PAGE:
Mark A. Socinski, MD: This side of the panel, use of bevacizumab in first-line, obviously wild-type nonsquamous, non-small cell?

Naiyer Rizvi, MD: I still like giving pemetrexed/carboplatin/bevacizumab to patients or pemetrexed/cisplatin/bevacizumab and I continue pemetrexed/bevacizumab maintenance if they’re not going on a trial.

Roy S. Herbst, MD, PhD: So you use both drugs maintenance?

Naiyer Rizvi, MD: Yes.

Roy S. Herbst, MD, PhD: For how many cycles?

Naiyer Rizvi, MD: It’s open-ended.

Roy S. Herbst, MD, PhD: One thing always confused me; the bevacizumab I’m comfortable giving for longer periods of time.

Mark A. Socinski, MD: The pemetrexed can be tough.

Roy S. Herbst, MD, PhD: The pemetrexed — giving the two of them together for long periods of time can be tough, yes.

Naiyer Rizvi, MD: New Yorkers are tough.

Roy S. Herbst, MD, PhD: The doctors or the patients? Remember, we’re the doctors.

Mary Jo Fidler, MD: I agree. I feel that in the patients that had been on the combination for a long time, I was dropping off one of the two.

Geoffrey R. Oxnard, MD: I tend to drop the bevacizumab before I drop the pemetrexed though, because I do think the data on pemetrexed maintenance is stronger than the data on bevacizumab maintenance, though that’s an ongoing study that needs to read out. I won’t give bevacizumab with cisplatin. I might give it with carboplatin, but more commonly I’ll give carboplatin and pemetrexed alone and in a more motivated, good performance status patient where I’m looking for a response, I’ll consider adding a third drug.
Transcript Edited for Clarity
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Transcript:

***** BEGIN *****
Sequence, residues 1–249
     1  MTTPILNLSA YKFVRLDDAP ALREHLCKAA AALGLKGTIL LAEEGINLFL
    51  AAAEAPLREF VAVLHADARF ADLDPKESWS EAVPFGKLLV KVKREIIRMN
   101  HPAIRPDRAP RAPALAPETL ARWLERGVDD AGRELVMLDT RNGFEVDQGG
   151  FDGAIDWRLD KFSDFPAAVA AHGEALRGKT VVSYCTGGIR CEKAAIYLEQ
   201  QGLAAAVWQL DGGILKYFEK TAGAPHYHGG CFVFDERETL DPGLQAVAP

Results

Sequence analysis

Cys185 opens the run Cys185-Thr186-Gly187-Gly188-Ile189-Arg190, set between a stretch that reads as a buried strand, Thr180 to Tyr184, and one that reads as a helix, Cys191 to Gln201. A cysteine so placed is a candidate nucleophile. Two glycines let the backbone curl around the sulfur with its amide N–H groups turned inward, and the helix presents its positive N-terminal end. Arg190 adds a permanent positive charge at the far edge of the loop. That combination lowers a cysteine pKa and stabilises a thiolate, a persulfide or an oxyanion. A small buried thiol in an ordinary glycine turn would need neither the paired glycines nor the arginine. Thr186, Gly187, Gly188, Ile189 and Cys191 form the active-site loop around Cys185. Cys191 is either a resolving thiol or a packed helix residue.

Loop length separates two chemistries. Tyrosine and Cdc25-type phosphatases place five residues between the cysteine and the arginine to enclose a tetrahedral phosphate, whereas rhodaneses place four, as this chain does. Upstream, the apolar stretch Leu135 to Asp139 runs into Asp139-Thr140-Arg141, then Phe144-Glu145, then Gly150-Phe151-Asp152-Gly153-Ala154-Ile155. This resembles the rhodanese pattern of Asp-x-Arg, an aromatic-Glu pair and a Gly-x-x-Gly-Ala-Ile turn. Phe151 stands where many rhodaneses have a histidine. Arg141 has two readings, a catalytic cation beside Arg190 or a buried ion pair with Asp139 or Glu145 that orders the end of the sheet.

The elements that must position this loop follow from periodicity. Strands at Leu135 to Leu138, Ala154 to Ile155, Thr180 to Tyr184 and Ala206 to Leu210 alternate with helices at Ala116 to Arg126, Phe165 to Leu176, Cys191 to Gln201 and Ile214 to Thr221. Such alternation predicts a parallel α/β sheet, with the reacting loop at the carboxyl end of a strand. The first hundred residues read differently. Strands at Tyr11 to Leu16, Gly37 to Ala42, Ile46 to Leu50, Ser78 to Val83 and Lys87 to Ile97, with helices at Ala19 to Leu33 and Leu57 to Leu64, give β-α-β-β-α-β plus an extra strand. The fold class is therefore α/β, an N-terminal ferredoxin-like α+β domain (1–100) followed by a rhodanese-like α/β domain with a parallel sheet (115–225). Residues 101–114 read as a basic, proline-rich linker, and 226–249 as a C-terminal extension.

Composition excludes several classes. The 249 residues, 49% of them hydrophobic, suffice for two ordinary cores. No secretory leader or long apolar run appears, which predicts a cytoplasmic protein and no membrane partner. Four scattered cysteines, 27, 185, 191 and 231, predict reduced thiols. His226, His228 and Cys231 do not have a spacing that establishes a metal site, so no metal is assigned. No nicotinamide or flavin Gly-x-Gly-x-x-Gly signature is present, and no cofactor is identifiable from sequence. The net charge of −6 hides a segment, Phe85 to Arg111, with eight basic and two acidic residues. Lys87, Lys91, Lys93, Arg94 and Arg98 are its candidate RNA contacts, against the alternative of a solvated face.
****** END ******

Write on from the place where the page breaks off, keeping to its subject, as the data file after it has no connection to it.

Mark A. Socinski, MD: It seems to me that bevacizumab in nonsquamous non-small cell lung cancer has had its ups and down. What are people’s practices now? Roy, how do you use bevacizumab in the first-line setting in the nonsquamous population?

Roy S. Herbst, MD, PhD: Well, I’ve changed a bit. I used to use it all the time and now I’m a little bit more discriminating. My sense is that using carboplatin/pemetrexed is probably almost as good, if not as good as using carboplatin/paclitaxel/bevacizumab. I guess the choice is whether I add bevacizumab to carboplatin/pemetrexed.

Mark A. Socinski, MD: A la POINTBREAK.

Roy S. Herbst, MD, PhD: A la POINTBREAK, which you know very well. And my sense is that in someone with a really good performance status, perhaps a bit younger, I’d do that. But in someone who’s a little on the margin, a little older, I’ve stopped doing that. Do you agree? Is that the right thing?

Mark A. Socinski, MD: Yes. What I was going to ask you is do you have a sense in SWOG 0819, a trial that allowed bevacizumab to be used if doctors thought it was indicated, what percentage of people actually got bevacizumab?

Roy S. Herbst, MD, PhD: That’s a very interesting aspect of 0819, because we said patients were either bevacizumab-appropriate or -inappropriate. And the inappropriate could be determined, because they had squamous disease or based on physician discretion—it’s about equally mixed. It’s embargoed data so I can’t discuss it now, but it’s going to be a very interesting aspect of the trial [in data released following the filming, approximately 41.5% of patients in the 1333-patient trial received bevacizumab].